Why? Why was he so alone yet so surrounded? What are we surrounding our youth with these days that they still feel alone even among friends, activities, games, and youth events? This young man epitomizes an unfortunate trend in today’s youth ministry, where the youth feel isolated, alone, and in need of something more.

Patricia Hersch in her book A Tribe Apart describes the scene of kids going to school in her town,

“Out there on the corner, even my own children fall into the shadows as they join their peers in another world before my eyes. They have stepped inside the adolescent community, a perplexing place where kids these days are growing up among themselves, out of the range of adult vision. I run past the bus several times as it goes from stop to stop, and I am aware of how distant they seem, how separate. I wonder why and whether anybody else cares.”

My heart turned when I read this. And I wanted to say I care, Christians care, the Church cares. But then I wondered if I, they, we really do.

Starving for Something More

Youth ministry has become the equivalent of the kiddy-table at Thanksgiving dinner. The miniature plastic picnic table with plastic cups and forks and knives and if she bats her eyes at grandma and insists then the Cinderella teapot also. Towards the end of the meal heaps of red Jell-O and cranberry sauce are cuddling with the carpet, and mounds of mashed potatoes and yams and steamy gravy are here, there, and everywhere. It’s a mess. So the adults send over young cousin Bobby or Sarah to keep them under control. And the same mess happens only instead of the adults cleaning it up it’s Bobby and Sarah’s responsibility.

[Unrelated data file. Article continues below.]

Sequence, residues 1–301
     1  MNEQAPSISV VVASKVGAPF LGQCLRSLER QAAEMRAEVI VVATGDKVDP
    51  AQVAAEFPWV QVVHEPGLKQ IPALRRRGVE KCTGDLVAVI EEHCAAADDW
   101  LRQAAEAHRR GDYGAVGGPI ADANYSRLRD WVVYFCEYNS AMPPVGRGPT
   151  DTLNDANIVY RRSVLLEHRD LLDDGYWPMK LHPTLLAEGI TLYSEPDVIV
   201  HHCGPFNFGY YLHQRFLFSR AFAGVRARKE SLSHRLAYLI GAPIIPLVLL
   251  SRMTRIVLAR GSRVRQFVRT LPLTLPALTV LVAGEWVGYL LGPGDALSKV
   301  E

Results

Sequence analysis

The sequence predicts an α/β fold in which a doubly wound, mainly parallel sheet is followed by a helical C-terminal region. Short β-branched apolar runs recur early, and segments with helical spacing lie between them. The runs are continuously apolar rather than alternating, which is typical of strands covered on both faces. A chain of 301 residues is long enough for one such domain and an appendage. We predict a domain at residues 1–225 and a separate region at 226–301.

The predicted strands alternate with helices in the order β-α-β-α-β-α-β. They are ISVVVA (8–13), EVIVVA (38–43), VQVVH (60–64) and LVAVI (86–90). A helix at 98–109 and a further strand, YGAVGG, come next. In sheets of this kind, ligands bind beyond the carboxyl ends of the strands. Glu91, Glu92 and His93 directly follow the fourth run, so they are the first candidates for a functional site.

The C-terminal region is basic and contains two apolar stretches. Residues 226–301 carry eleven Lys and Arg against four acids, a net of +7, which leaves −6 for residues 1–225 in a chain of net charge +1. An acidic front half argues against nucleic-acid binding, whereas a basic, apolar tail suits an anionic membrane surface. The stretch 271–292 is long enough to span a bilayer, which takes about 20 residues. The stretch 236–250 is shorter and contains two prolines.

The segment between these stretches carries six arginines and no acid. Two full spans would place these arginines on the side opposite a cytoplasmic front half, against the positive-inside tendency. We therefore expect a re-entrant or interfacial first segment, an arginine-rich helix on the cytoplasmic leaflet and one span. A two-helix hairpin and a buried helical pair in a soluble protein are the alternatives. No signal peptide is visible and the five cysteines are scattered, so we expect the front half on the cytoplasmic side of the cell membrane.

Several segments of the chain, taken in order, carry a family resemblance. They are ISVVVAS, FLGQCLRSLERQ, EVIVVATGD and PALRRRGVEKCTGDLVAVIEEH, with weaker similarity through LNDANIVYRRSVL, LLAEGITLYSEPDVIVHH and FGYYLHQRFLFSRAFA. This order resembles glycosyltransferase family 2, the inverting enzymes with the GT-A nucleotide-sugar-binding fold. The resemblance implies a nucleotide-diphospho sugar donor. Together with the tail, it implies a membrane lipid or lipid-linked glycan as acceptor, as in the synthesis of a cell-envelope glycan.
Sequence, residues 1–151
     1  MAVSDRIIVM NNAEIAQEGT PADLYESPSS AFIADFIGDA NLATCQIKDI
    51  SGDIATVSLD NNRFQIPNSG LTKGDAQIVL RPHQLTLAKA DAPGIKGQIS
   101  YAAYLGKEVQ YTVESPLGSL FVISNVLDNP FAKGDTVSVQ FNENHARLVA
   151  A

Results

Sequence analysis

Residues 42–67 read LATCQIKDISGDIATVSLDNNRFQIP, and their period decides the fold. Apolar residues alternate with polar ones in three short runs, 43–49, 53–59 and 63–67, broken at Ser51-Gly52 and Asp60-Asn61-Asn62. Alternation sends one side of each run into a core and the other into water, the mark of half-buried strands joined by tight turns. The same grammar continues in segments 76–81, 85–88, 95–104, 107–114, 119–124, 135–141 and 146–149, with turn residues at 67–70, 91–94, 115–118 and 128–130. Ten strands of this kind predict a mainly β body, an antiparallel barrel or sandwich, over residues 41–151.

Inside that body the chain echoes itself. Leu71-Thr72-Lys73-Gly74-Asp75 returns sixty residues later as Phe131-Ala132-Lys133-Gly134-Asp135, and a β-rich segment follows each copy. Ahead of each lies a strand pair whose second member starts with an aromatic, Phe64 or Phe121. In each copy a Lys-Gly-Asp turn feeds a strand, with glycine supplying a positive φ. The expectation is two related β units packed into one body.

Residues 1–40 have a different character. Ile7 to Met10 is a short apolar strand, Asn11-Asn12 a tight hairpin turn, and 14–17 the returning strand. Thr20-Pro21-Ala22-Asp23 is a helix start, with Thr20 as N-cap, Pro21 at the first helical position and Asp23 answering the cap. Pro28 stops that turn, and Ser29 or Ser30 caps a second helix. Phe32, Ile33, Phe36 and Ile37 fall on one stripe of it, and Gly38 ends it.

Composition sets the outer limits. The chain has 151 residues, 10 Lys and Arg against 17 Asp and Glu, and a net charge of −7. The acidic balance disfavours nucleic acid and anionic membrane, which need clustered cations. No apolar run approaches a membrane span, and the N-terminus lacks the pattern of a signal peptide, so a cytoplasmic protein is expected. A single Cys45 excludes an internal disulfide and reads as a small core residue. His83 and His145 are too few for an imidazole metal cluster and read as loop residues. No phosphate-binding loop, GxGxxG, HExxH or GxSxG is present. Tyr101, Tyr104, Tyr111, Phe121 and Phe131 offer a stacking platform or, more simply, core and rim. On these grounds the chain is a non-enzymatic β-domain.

“The form of the church is cockeyed,” says Frank Brown, a pastor in Dallas, Oregon for the past 25 years. “A lot of things [in youth ministry] are just entertainment. We have fragmented our youth from the extended family and created a sub-family.” Brown began his ministry as a youth pastor in the San Francisco area.

“I preached straight Bible doctrine,” says Brown about his first youth ministry position. “It was about the word of God. When you can create appetites in your kids it becomes a runaway train.” By the time Brown left his first youth ministry a year later he was drawing more numbers then the actual church. “It was kind of embarrassing,” Brown admits.

Brown said he taught the kids to serve. They would visit drug rehab centers, and group homes (the ones with the least visitors), and they would send letters to the elderly in the church.

“Teaching of life skills and service is important,” says Brown. “That’s an important part of what youth ministry should be about.”

Youth ministries today are entertainment driven, a higher-level daycare of rafting trips, water balloon nights, lock-ins, pizza, movies, candy, and games. But churches end up competing for kid’s time against school activities like sports or band and all the other activities where parents rush to and fro to drop off and pick up and rush off again.

Churches are isolating the youth. Instead of adopting them and leading them into the church family. Youth ministries have their own pastor, sometimes their own building, and even their own services. It’s the youth here, and the “big people” over there.